Today, the day before Good Friday, is called in Swedish ‘Skärtorsdag’. The word ‘skär’ means ‘clean’ – and it is a biblical reference.
If you know your bible stories, today is the day when Jesus gathered his disciples together for the Last Supper, introduced communion, and was later betrayed by Judas, and condemned to death on the cross. Prior to the Last Supper, Jesus washed the feet of the disciples. And he washed them clean – a symbolic metaphor for purification and the washing away of sin.
So, today is Clean Thursday. In fact, in English ‘Maundy Thursday’ also relates to the same act in the bible – the act of ritual cleaning is known an The Maundy.
However, in secular Sweden, today isn’t that much about religious observance – it’s more about witchcraft! Today is celebrated by children dressing up as witches and going door to door in their outfits begging for sweets.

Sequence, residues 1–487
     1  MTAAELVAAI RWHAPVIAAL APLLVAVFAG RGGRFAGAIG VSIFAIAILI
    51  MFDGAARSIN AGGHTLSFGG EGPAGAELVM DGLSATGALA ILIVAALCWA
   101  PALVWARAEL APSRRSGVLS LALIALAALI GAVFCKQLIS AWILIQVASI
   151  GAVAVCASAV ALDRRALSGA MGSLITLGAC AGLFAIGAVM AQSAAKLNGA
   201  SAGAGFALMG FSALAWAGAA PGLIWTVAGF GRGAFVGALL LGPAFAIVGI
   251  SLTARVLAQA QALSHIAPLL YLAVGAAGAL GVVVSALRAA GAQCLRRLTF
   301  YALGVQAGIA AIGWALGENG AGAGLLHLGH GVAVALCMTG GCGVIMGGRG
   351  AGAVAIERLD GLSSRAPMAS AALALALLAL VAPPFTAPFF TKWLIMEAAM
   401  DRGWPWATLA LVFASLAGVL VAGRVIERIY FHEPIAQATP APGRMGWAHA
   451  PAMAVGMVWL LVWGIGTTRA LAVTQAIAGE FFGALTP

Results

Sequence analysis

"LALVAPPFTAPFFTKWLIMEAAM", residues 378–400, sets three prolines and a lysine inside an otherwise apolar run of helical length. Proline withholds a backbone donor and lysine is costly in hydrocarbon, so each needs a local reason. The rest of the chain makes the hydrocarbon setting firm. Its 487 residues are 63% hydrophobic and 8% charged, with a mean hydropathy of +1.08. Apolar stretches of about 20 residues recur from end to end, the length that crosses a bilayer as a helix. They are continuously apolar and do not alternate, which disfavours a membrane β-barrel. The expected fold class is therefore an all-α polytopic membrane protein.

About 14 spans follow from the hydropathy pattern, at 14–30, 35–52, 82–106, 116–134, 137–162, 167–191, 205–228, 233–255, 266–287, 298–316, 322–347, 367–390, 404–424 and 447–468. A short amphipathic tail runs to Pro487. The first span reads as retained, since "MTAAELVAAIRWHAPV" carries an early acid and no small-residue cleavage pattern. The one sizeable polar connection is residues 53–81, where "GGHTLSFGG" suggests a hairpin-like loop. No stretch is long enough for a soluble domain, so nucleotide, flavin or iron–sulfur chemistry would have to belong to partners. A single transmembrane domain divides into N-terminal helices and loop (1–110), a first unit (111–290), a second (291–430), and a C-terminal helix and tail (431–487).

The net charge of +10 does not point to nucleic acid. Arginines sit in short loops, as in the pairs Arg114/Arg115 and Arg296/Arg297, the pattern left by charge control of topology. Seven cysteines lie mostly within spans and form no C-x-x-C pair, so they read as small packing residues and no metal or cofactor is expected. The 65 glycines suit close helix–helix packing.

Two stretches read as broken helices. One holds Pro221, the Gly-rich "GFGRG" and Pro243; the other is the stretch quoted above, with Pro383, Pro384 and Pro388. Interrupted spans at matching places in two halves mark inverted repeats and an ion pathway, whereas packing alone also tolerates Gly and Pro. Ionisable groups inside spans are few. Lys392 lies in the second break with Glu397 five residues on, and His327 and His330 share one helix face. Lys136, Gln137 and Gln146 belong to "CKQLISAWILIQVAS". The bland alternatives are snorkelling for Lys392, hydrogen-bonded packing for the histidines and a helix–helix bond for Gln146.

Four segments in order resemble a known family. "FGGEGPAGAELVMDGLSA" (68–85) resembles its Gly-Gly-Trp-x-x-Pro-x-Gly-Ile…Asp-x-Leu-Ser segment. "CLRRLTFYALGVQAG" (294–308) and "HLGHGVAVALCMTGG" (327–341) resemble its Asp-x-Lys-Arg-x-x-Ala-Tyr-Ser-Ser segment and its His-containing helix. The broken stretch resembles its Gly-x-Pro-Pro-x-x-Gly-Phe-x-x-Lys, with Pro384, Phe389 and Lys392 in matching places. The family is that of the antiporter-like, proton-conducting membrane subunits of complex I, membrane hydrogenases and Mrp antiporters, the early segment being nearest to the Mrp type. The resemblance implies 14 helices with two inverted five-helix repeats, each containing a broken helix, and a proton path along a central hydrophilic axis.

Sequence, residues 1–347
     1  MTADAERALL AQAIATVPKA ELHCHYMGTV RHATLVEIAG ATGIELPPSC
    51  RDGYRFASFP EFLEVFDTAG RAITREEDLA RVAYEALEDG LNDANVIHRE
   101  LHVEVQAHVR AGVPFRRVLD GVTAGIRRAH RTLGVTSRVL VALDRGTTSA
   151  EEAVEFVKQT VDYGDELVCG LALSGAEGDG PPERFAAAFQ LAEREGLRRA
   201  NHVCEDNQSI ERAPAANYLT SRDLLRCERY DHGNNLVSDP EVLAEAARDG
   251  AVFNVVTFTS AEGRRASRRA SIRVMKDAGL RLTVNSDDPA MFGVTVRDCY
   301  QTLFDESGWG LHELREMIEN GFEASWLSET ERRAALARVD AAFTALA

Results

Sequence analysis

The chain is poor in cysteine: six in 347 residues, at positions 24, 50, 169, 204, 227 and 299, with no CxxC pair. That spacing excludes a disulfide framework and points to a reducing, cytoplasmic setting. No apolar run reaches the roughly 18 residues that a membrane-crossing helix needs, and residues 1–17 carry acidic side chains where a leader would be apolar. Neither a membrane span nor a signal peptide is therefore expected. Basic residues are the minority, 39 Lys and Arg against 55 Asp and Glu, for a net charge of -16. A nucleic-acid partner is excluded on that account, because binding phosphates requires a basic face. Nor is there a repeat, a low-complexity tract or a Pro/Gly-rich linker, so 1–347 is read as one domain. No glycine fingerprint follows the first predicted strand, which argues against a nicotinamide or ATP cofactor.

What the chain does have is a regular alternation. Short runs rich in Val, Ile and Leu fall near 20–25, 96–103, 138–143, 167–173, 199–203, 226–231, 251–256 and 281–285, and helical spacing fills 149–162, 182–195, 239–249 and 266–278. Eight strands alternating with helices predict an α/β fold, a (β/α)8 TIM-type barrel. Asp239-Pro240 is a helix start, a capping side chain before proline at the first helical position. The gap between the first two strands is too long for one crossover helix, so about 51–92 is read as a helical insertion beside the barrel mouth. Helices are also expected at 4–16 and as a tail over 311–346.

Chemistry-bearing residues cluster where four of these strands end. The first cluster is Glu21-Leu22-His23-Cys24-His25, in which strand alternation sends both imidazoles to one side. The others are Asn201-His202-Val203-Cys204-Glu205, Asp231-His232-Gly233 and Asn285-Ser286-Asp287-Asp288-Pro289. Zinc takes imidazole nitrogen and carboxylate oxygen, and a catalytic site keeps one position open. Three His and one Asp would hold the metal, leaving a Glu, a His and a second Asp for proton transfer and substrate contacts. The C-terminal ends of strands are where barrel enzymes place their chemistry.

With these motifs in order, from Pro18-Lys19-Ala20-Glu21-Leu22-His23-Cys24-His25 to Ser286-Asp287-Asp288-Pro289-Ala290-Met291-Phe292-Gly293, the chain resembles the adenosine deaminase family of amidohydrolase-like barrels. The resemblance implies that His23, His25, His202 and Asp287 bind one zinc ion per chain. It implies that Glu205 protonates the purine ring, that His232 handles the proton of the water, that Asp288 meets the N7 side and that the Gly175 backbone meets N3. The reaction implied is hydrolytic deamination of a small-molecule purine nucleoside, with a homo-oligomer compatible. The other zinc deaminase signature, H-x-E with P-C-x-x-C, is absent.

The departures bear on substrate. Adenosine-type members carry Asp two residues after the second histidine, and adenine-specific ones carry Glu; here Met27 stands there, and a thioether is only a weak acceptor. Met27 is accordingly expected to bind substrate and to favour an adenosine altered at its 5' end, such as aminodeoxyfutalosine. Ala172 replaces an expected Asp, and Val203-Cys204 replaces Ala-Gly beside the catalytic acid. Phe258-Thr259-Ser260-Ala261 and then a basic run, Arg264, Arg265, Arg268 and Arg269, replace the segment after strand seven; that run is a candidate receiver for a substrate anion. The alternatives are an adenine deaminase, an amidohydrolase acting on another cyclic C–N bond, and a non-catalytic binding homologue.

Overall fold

This tradition originates from the belief centuries ago that Skärtorsdag was the night of the witches, where these wicked hags would climb onto their broomsticks and fly to a mountain called Blåkulla. It was a night of danger and evil, and Swedish people would bar their doors to their houses and barns and leave outside gifts that would make the witches’ journey more expedient – food, milk, clothes, broomsticks. Today, that translates into the Swedish version of trick or treating.